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Pink SalmonLast night my family and I enjoyed a lovely dinner of pink and freshly picked bush beans, provided by our kind and generous neighbors. One of our neighbors gave us the salmon and another neighbor generously offered to let us pick beans in their bountiful garden. So keeping up with our Eat Local Challenge was as simple as right next door. The salmon was caught in the San Juan Islands, in Washington.  We fully enjoyed this flaky delicacy. Even the kids who are 4 and under (whom sometimes are not quite as appreciative of good food), loved it and asked for seconds. So without further ado, the recipe which I altered a bit from All Recipes:

Garlic and Lemon Thyme Salmon

INGREDIENTS:

  • 2 (1.5 pound) salmon fillets
  • 1 head garlic, peeled
  • 1/2 cup olive oil
  • Several sprigs of fresh lemon thyme, pick off leaves
  • 1 teaspoon salt and pepper to taste

DIRECTIONS:

  1. In a food processor, process garlic to a rough mince, add thyme and olive oil and pulse a few times to combine.
  2. Lay fish fillets in a baking dish, skin side down. Do not oil the pan unless you want the skin to come up easily. I prefer for the skin to stick to the pan for easy removal. Rub garlic mixture over fish. Cover and refrigerate for 2 hours.
  3. Preheat oven to 375 degrees F.
  4. Remove cover. Bake in preheated oven for 15 minutes. Do not overcook. I had 3 fillets and it took about 8-10 minutes longer to get it cooked through.

Serve immediately, enjoy!


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Corn Fritters

With all of the crazy holiday and national recognition days out there, we love when there is one we can get behind whole-heatedly. Today just happens to be such a day, what with it being National Corn Fritters Day and all. I mean, is there anyone out there who doesn’t enjoy these incredible morsels of yellow goodness?

In all seriousness, today is National Corn Fritters Day, so we’ve got a recipe for Southern Style Corn Fritters for you. Check it out after the jump.

Click to continue reading Happy National Corn Fritters Day!


but yummy!Though I am sometimes tempted to live solely on beet and beet green salad, plus the occasional boiled Yukon Gold potato, my family unreasonably expects a regular main dish.  A favorite for Rosh Hashanah is my Barbequed Beef Short Ribs (or other beef, actually pot roasted in a barbeque-style sauce), a rich dish which my normally fat-conscious sister-in-law Ronnie adores.  This one I invented all by myself one year when short ribs were miraculously on sale at my butcher.  It’s quick to assemble and the long cooking time allows early work completion, while the leftover sauce provides the base for lovely Sukkot soup, especially with that saved beet cooking water.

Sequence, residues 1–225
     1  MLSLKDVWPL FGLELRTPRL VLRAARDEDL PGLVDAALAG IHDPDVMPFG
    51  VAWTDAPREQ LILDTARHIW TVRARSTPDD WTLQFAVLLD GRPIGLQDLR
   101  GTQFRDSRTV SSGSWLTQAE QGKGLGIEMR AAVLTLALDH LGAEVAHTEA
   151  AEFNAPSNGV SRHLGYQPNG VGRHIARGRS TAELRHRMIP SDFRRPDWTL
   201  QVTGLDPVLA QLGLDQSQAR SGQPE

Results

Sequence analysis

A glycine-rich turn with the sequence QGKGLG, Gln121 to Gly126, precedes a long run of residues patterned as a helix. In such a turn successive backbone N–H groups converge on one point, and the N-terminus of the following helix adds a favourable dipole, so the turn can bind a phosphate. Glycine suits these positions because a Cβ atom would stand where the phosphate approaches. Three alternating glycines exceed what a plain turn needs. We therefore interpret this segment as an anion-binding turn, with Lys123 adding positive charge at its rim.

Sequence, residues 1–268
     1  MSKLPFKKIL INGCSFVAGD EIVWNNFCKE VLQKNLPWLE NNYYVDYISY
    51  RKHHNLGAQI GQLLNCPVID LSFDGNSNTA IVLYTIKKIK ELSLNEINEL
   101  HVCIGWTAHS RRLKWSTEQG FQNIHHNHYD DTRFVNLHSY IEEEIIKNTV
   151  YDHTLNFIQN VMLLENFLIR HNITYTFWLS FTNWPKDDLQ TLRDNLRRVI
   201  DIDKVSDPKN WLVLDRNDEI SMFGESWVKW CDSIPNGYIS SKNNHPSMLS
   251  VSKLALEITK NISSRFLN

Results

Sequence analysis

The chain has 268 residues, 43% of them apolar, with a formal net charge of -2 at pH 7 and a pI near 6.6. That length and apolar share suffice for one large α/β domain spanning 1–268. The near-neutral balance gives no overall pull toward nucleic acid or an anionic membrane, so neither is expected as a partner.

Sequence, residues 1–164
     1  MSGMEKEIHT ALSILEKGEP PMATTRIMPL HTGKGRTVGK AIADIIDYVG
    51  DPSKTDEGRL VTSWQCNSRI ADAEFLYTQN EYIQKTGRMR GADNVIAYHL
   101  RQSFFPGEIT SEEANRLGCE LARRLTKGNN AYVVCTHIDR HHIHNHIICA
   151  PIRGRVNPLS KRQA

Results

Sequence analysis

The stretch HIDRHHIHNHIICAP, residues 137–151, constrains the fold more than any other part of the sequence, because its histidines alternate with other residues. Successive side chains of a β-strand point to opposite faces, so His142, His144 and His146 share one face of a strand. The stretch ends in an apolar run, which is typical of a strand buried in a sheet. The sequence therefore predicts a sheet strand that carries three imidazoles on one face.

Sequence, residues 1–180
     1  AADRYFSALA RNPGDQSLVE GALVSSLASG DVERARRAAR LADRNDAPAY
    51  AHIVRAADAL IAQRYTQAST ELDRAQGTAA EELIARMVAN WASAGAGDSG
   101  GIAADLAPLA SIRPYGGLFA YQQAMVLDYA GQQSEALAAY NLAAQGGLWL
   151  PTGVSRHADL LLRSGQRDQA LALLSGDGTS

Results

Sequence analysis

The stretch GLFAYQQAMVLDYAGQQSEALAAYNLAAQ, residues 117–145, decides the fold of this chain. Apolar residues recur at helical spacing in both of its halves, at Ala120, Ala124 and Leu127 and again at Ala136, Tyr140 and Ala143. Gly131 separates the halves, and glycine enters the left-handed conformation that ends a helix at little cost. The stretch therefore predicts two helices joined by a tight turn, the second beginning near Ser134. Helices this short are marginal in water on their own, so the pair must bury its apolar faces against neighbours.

Click to continue reading Pot-Roasted Barbequed Short Ribs Recipe


Luscious greensRosh Hashanah started on Friday night this year, so make-ahead dishes are essential to the cook’s sanity. The previously posted beet salad keeps for days, and so does today’s Moroccan Beet Green Salad, though the flavoring strengthens a bit after 3 days or so (not that strong flavor bothers me!)  Beets still attached to their greens seem fresher, and the greens are a powerhouse of vitamins A and C, iron, potassium, and calcium, plus fiber.  Properly cooked and seasoned, greens are swooningly delicious, yet even a huge serving is low calorie.  In order to provide those huge servings, I usually buy extra spinach (this year buy in a bunch, not a bag, or buy a bunch of Swiss chard instead) and mix both greens together.  This salad’s lemony spiciness complements the holiday’s rich meat and chicken main dishes.

 

Click to continue reading Moroccan Beet Green Salad Recipe


Fresh from the earthI fell in love with Judaism one bite at a time—a rugelach here, a matzoh ball there, a crispy serving of potato kugel with the brisket.     

Rosh Hashanah, the Jewish New Year, is so sensibly sited when the year is really brand new, as the children return to school and the brisker days encourage resolution and effort.  To make the new year sweet, we are also encouraged to serve foods like apples dipped in honey.  For my family, no holiday dinner would be complete without Fresh Beet Salad.  This wonderful dish adds glowing color, firm texture, and tart sweetness.  It’s fast, easy, keeps for days, and will convert virtually all beet haters instantly to this inexpensive, filling and vitamin and mineral-packed vegetable.  What’s more, the greens attached to those beets are nutritious and yummy, too—more on that in my next post.

Click to continue reading Fresh Beet Salad Recipe


Espresso machineBesides hot coffee, you can be served up plain iced coffee (usually with milk added), iced cappuccino, and even iced espresso. You can also have your coffee in forms other than liquid. There is coffee flavored ice cream, chocolate covered coffee beans, and even coffee syrups to put over ice cream or puddings. You can put coffee in cakes, frostings, cookies, and candies. You can even have Mocha Sodas and Frosted Mochas.